Results of the NIH Consensus Conference on "Rehabilitation of Persons With Traumatic Brain Injury"

Restor Neurol Neurosci. 2002;20(3-4):103-8.

Abstract

In 1998, the National Institute for Health (NIH) organized a consensus conference about the rehabilitation of persons with traumatic brain injury (TBI). The conference results are based on an extensive bibliography from the scientific literature and presentations at the conference. The focus of this conference was the evaluation of rehabilitative measures for the cognitive and behavioral consequences of TBI, and the extent to which specific interventions are supported by existing evidence. Specifically, the conference considered the following aspects and their implications for rehabilitation: the epidemiology of TBI in the United States, the consequences in terms of pathophysiology, impairments, functional limitations, disabilities, societal limitations, and economic impact, the mechanisms underlying functional recovery following TBI, the common therapeutic interventions for the cognitive and behavioral sequelae of TBI, and the models for comprehensive coordinated multi-disciplinary rehabilitation. Based on the answers to these questions, the conference tried to give recommendations regarding rehabilitation practices for people with TBI, and identified areas where further research is needed.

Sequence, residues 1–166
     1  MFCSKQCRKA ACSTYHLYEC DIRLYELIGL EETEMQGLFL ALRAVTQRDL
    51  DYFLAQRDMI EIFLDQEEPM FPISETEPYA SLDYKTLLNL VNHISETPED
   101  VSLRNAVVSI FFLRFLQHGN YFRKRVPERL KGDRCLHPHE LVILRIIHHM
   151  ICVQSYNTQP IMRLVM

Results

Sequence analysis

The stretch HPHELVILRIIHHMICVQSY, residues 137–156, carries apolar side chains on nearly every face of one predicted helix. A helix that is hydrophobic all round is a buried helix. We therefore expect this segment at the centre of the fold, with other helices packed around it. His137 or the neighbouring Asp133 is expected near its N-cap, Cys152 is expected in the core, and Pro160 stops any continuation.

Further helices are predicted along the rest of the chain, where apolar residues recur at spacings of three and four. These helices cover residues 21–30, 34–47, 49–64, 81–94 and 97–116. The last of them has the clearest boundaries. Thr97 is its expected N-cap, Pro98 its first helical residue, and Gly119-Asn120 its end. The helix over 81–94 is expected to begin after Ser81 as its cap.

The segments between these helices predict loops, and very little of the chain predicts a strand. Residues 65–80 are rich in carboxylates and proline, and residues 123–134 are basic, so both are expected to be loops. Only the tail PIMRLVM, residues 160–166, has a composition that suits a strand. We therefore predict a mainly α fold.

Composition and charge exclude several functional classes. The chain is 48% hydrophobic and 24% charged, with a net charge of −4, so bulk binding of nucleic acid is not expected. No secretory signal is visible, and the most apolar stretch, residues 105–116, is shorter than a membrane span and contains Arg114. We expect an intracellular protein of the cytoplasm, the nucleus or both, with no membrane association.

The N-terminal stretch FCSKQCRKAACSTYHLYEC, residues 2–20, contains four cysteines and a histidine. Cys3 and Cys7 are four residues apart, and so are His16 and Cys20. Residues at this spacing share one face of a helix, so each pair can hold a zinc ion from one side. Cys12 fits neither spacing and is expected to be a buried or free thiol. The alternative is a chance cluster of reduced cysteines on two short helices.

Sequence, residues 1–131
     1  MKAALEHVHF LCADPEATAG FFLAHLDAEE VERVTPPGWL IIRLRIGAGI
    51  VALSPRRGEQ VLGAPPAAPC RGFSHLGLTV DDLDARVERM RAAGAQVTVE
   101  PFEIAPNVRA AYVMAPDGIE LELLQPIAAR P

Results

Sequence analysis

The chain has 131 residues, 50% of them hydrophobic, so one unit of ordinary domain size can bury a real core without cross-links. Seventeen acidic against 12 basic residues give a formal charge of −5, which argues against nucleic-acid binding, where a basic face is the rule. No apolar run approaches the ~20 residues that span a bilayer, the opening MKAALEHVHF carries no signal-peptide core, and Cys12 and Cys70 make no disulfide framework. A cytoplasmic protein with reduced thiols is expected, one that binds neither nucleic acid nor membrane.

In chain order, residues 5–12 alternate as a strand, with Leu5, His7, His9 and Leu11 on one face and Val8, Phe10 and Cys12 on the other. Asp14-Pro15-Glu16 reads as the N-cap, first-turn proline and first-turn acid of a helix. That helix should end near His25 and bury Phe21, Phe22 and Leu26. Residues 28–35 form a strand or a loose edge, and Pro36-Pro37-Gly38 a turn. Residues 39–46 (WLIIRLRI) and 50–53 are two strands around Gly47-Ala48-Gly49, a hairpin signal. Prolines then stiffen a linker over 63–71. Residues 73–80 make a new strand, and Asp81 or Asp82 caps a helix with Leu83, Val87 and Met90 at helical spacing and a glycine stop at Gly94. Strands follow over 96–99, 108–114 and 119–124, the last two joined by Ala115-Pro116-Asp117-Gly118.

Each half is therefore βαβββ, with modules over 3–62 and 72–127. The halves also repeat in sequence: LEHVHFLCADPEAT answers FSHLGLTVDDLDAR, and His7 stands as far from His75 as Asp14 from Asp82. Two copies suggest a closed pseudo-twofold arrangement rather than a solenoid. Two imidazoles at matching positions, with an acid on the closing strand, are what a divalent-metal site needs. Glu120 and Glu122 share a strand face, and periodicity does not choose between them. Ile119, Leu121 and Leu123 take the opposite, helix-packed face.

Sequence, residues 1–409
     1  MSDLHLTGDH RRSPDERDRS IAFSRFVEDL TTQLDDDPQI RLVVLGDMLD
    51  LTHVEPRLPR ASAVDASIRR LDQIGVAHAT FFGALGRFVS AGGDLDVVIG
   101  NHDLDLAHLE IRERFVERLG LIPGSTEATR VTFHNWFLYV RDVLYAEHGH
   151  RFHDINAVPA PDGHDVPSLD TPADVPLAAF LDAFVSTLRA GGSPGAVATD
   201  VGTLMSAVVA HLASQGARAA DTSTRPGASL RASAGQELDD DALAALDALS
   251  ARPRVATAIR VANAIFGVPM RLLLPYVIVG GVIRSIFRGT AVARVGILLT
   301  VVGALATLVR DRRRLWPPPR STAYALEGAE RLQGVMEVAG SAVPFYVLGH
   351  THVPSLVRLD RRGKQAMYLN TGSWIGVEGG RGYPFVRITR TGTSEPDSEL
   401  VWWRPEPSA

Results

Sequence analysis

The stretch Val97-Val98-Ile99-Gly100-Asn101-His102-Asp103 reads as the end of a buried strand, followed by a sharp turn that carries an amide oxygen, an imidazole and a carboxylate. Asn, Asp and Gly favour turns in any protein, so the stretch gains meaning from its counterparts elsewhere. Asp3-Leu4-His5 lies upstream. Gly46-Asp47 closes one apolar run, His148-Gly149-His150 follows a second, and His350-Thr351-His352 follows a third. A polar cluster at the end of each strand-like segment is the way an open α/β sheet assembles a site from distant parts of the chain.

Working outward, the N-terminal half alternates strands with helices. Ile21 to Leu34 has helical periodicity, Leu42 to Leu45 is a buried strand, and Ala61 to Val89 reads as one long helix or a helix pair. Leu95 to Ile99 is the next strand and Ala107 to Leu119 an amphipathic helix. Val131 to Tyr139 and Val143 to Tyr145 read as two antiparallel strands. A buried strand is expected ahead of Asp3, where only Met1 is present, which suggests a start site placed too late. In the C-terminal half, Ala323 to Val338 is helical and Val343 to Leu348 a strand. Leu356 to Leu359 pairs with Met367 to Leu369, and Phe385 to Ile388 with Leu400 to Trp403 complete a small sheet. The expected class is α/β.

Publication types

  • Consensus Development Conference
  • Consensus Development Conference, NIH
  • Review

MeSH terms

  • Brain Injuries / economics
  • Brain Injuries / epidemiology
  • Brain Injuries / physiopathology
  • Brain Injuries / rehabilitation*
  • Cognition
  • Disabled Persons / rehabilitation
  • Disabled Persons / statistics & numerical data
  • Health Services Research / organization & administration
  • Health Services Research / trends
  • Humans
  • Outcome Assessment, Health Care
  • Prognosis
  • Psychotherapy
  • Quality of Life
  • Recovery of Function
  • Rehabilitation / education
  • Rehabilitation / standards
  • Research
  • United States / epidemiology